There is a need in the manufacture process of video discs to measure and quantify surface irregularities in order to identify deficient manufacturing operations and to provide quality control of video disc production.
Quantified measurements in variations from flatness in the topography in the surface, for example, of a high density information disc such as a video disc are made by rotating the disc at a constant predetermined rotational velocity (ω) about an axis perpendicular to the surface of the disc, scanning the surface of the disc with audio-frequency pick-up means adapted to develop electrical signals representing vertical deviations in the flatness of the surface of the disc manifested as vertical velocity movements of the pick-up stylus, and, preferably, integrating the vertical signals to convert the velocity signals variations into displacement signal variations. The magnitude of the displacement signals is indicative of the degree of irregularity or deviation from flatness in the surface of the disc.
FIG. 1 is a system schematic of test apparatus useful in practicing one mode of the invention for quantifying roughness by displaying the roughness profile of the surface of a disc as a function of angular position;
FIG. 2 is a system similar to FIG. 1 for practicing the preferred mode of the invention quantifying roughness as a function, of spatial frequency;
FIG. 3A is a schematic of components of a magnetic audio stereo pickup cartridge useful in the practice of the invention;
FIG. 3B is a wiring diagram of the cartridge shown in FIG. 3A as used in the practice of the invention;
FIG. 4 is a representation of a profile of the disc used to describe the principles of the invention; and
FIG. 5 is a plot of noise spectrum, or amplitude versus the spatial frequency, of discs tested for flatness deviation.
The invention is concerned with measuring and quantifying the irregularities, i.e., variations from flatness, appearing on the surface of a high density information disc, such as a video disc. These irregularities, which appear as a surface irregularity known as "orange-peel," cause, for example, excessive noise in the audio channels of the T.V. signals and excessive streaking in the chroma channel. Moreover, the irregularities in the surface cause deficiencies in performance such as stylus and disc wear. The invention is based on the discovery that these irregularities, which are, more precisely, deviations from flatness, can be measured and quantified by determining the vertical velocity or displacement as sensed by a cartridge with a stylus extending over a large area, for example, at least four adjacent grooves of a disc, while there is relative motion between the disc and the stylus. The signal sensed by the stylus corresponds to vertical velocity movements of the stylus and represents thereby the deviation from the flatness of the disc. The deviation from flatness of the disc, it should be understood, does not relate to the intentional information deviations that are provided in the disc surface, but rather to the flatness deviations from a reference flat plane over an extended area of the disc. It is this deviation in the extended area appearing as orange-peel that manifests itself as deficiencies in performance. The rotational velocity of the disc under test is selected to a predetermined value such that the cartridge will detect deviations in surface flatness having a predetermined spatial frequency (ν). The details of how this method is carried out will now be described.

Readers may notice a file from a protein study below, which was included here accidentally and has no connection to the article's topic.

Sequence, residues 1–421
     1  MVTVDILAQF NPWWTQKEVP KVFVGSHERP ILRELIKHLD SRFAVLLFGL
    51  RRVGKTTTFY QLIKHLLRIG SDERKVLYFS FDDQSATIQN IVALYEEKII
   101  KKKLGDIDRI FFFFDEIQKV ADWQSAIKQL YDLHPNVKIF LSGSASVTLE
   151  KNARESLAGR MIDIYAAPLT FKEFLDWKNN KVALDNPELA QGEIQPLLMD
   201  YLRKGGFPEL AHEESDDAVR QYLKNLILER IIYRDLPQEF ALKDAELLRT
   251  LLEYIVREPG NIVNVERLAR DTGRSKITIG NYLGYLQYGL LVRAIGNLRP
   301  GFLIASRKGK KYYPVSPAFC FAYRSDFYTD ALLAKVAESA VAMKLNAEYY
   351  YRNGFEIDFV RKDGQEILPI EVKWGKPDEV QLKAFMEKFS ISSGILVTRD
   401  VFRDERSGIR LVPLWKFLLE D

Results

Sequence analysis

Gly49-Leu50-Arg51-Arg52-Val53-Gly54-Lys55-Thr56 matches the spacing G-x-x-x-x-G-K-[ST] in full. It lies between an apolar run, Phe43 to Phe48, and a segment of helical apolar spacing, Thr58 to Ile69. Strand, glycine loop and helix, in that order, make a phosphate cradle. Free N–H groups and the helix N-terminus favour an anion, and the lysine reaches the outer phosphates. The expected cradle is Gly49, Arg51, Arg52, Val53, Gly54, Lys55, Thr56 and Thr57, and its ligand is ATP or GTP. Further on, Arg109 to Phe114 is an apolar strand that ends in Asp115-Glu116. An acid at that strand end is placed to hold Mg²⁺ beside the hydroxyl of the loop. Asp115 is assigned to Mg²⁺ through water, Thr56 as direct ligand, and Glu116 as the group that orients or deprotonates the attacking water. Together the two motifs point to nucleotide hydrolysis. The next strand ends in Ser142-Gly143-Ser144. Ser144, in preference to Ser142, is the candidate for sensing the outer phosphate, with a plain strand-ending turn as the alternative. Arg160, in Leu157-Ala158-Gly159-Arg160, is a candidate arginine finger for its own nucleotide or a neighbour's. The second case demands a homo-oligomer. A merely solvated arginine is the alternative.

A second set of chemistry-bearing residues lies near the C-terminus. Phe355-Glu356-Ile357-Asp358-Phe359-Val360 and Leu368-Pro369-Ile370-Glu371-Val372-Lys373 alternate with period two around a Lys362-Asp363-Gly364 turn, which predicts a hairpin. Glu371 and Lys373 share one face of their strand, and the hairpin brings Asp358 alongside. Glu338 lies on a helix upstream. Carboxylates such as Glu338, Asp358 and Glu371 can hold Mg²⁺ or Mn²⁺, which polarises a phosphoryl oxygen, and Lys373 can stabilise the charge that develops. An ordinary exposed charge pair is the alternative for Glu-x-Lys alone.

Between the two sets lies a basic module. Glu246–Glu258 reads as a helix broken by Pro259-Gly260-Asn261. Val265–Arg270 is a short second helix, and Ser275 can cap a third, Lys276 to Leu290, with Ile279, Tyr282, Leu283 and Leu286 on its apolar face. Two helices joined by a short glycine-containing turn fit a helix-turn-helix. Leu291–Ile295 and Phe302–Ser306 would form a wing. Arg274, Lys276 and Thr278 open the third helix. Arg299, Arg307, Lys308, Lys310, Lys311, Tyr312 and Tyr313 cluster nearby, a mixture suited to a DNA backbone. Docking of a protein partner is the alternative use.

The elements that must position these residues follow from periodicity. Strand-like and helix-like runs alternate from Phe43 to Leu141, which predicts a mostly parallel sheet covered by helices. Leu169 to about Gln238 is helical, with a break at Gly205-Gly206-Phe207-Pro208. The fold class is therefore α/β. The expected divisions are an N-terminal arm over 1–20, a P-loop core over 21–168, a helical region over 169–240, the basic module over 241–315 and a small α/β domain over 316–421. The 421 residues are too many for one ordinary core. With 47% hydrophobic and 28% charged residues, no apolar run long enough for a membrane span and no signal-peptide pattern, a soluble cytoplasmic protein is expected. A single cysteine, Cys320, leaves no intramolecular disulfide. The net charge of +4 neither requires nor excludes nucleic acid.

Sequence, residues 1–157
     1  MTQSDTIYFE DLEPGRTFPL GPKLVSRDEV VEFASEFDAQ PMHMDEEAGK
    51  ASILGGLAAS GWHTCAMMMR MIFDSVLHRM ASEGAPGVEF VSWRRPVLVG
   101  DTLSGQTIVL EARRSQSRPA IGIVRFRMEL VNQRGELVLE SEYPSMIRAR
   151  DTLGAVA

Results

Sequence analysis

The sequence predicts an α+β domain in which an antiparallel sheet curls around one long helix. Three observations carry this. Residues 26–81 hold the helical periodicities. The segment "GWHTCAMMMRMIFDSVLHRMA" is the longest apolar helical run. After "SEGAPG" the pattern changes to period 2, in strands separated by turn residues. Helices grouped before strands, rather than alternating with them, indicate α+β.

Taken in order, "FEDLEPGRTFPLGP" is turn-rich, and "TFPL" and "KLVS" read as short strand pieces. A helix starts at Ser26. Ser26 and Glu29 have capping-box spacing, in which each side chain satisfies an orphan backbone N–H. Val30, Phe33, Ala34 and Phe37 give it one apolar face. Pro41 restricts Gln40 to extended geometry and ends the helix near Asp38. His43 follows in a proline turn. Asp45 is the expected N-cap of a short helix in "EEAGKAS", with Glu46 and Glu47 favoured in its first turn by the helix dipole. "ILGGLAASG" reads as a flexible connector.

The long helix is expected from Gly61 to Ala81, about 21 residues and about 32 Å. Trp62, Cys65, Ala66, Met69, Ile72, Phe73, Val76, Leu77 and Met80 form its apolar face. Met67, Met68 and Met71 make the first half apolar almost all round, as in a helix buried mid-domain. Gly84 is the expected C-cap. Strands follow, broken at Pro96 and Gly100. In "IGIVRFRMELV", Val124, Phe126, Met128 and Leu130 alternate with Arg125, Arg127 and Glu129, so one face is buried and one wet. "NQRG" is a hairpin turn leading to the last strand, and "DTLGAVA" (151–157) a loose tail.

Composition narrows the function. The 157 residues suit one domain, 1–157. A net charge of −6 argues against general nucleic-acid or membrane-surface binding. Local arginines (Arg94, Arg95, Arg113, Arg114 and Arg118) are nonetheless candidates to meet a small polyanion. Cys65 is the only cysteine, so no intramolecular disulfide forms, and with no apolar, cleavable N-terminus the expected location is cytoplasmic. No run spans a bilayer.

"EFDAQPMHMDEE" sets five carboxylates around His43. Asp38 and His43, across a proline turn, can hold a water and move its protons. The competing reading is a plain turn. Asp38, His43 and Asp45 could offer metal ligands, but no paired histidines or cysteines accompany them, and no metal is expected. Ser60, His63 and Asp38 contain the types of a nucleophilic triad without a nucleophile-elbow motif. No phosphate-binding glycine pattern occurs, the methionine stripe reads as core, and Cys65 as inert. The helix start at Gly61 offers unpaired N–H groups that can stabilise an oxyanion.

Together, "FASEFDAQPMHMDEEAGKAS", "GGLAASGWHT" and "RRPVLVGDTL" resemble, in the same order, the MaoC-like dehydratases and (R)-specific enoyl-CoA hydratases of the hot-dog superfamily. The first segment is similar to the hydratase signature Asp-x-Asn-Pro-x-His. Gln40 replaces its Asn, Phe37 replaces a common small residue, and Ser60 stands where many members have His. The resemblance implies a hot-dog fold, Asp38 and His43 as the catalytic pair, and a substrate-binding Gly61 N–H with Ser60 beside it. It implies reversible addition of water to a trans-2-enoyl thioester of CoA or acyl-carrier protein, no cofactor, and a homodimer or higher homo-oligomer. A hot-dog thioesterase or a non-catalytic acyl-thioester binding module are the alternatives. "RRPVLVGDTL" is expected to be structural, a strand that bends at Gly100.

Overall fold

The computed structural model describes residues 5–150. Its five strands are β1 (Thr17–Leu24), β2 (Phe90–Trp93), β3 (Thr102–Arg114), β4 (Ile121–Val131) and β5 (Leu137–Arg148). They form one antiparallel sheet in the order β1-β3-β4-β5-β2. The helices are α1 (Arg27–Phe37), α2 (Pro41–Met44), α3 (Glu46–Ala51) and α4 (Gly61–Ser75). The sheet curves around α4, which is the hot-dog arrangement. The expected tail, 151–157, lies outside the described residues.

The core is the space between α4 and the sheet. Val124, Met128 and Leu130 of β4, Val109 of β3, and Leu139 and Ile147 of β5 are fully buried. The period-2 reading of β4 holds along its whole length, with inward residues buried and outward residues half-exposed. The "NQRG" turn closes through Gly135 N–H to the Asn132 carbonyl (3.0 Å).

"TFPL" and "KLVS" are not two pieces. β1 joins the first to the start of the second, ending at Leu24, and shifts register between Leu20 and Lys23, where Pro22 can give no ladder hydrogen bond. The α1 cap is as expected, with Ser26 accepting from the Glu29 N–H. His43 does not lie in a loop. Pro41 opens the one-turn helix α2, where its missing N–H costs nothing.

Reference is made to FIG. 1 for a system useful for carrying out the method of the invention. The test apparatus 10 comprises a magnetic cartridge 12 arranged to respond to vertical excursions of the stylus riding over a disc 18. The cartridge 12 includes generally a stylus 16 and a magnetic coil 14, shown in detail in FIGS. 3A and 3B to be described. The disc 18 is mounted on a turntable 20 rotated about a shaft 23 driven by a motor 21. The turntable is mounted on a firm support table 25 in order to isolate the system from external vibrations. A position light 22 on the turntable 20 is used to excite a position encoder 24 providing a signal to a synchronizing circuit 26 and a converter 28 for application of synchronizing signals to a cathode ray oscilloscope (CRT) 30. Signals from the cartridge 12 are applied via terminals 12-1 and 12-2 to terminals 32-1 and 32-2 of a preamplifier 32 having a gain of about 24 having flat response characteristics from 10 Hz to 20 kHz. Signals from the preamplifier are coupled to a terminal 50 for providing a signal representing the vertical velocity of the stylus 16 riding on the disc 18. The signal from the preamplifier 32 is also coupled through a capacitor 36 to an integrator formed suitably of an operational amplifier 34, which, in turn, provides the integrated signal to an amplifier 38 and then to a highpass (HP) filter 40 providing a signal therefrom to a CRT 30. The filter 40 has a cutoff frequency of 44 Hz, for example, to isolate noise from the motor 21 from the system. The filter 40 is typically a Krohn-Hite Filter, Model 3202. The display on the CRT 30 will be a representation of the roughness profile of the disc 18, such as the ideal profile shown in FIG. 4, to be described.
Simultaneously or, in the alternative, the signal from the cartridge 12 is applied via terminals 12-1 and 12-2 to terminals 42-1 and 42-2 of a spectrum analyzer 42 as seen in FIG. 2. A Hewlett-Packard (HP) 3585A analyzer is used for high noise frequency analysis and a HP3582A is used for low noise frequency analysis. The output of the spectrum analyzer 42 is coupled to a a computer 44, typically a Hewlett-Packard computer model 9825A, which, in turn, processes the signals from its input to provide data to a plotter 46, typically a Hewlett-Packard Plotter 7245, for generating a plot 47 of a noise spectrum as a function of spatial frequency (ν) of the disc 18. The plot 47 will be of the form shown in FIG. 5 to be described. It is this noise spectrum that provides one quantitative measurement of the flatness deviation in the disc 18.